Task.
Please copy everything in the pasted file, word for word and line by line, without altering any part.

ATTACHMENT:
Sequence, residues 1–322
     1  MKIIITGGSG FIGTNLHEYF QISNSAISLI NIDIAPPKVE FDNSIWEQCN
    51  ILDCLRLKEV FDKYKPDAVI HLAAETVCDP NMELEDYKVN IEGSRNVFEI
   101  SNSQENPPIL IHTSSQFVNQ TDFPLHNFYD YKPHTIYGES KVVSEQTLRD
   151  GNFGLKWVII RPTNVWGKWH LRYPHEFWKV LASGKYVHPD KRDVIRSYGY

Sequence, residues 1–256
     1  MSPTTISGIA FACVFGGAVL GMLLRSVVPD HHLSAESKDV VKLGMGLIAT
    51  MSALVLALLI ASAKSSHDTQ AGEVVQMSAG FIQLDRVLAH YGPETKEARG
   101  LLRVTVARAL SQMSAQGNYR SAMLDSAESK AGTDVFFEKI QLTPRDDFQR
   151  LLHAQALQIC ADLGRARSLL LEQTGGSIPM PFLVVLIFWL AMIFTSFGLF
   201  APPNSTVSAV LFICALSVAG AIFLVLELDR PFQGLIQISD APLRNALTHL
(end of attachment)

Sequence, residues 1–322
     1  MKIIITGGSG FIGTNLHEYF QISNSAISLI NIDIAPPKVE FDNSIWEQCN
    51  ILDCLRLKEV FDKYKPDAVI HLAAETVCDP NMELEDYKVN IEGSRNVFEI
   101  SNSQENPPIL IHTSSQFVNQ TDFPLHNFYD YKPHTIYGES KVVSEQTLRD
   151  GNFGLKWVII RPTNVWGKWH LRYPHEFWKV LASGKYVHPD KRDVIRSYGY

Sequence, residues 1–256
     1  MSPTTISGIA FACVFGGAVL GMLLRSVVPD HHLSAESKDV VKLGMGLIAT
    51  MSALVLALLI ASAKSSHDTQ AGEVVQMSAG FIQLDRVLAH YGPETKEARG
   101  LLRVTVARAL SQMSAQGNYR SAMLDSAESK AGTDVFFEKI QLTPRDDFQR
   151  LLHAQALQIC ADLGRARSLL LEQTGGSIPM PFLVVLIFWL AMIFTSFGLF
   201  APPNSTVSAV LFICALSVAG AIFLVLELDR PFQGLIQISD APLRNALTHL